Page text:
Health officials in New York are investigating vitamin E's connection to a string of vaping illnesses in the state; civil rights groups are suing the Trump administration over its decision to deport immigrants with life-threatening illnesses; an oncologist from MD Anderson Cancer Center met with President Trump about a potential nomination for FDA commissioner.
New York health officials are investigating the role of vitamin E acetate in a string of illnesses related to vaping, reported The New York Times. According to the state's Department of Health, there were “very high levels” of the compound identified in 13 samples from 8 of 34 patients in the state who have gotten sick. However, the case is not closed on what’s causing these illnesses, particularly since the compound hasn’t been confirmed as a factor in the majority of the cases. A spokesman for the FDA said that more information is needed to better understand if there’s a link between any specific substances and the illnesses.
Days after the Trump administration announced that it would reconsider its decision to deport immigrants with life-threatening illnesses, civil rights groups are suing the administration over the decision. The American Civil Liberties Union of Massachusetts and Lawyers for Civil Rights filed a lawsuit in Boston federal court challenging the decision to end the deferred action program as of August 7, according to The Associated Press. The groups argue that the decision was made without the advance public notice and justification required by law before changing a significant federal government regulation.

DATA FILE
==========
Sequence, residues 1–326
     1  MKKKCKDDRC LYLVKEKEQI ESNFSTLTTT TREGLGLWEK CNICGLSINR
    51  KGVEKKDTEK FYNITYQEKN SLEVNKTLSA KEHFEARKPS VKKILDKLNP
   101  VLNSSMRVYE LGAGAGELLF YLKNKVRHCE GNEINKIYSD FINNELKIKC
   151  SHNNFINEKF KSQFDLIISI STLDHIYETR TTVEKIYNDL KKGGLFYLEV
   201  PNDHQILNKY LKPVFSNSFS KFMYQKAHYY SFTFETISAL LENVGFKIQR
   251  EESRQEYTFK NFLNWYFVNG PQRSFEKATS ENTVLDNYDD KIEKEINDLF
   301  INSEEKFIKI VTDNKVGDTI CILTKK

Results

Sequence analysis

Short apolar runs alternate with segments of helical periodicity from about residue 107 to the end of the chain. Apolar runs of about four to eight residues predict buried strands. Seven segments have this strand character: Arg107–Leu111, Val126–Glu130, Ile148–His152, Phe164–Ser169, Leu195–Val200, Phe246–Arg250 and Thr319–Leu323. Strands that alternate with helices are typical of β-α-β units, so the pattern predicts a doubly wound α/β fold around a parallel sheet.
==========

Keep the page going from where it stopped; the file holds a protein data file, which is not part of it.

With the Trump administration looking to nail down a permanent FDA commissioner by November 1, STAT News has reported that Texas oncologist Stephen Hahn, MD, FASTRO, chief medical executive at MD Anderson Cancer Center, met with the president on Wednesday about a possible nomination. Unlike many past commissioners, Hahn has no Washington experience. Acting FDA Commissioner Ned Sharpless, MD, is also in the running, according to experts. Four former FDA commissioners have come out in support of Sharpless.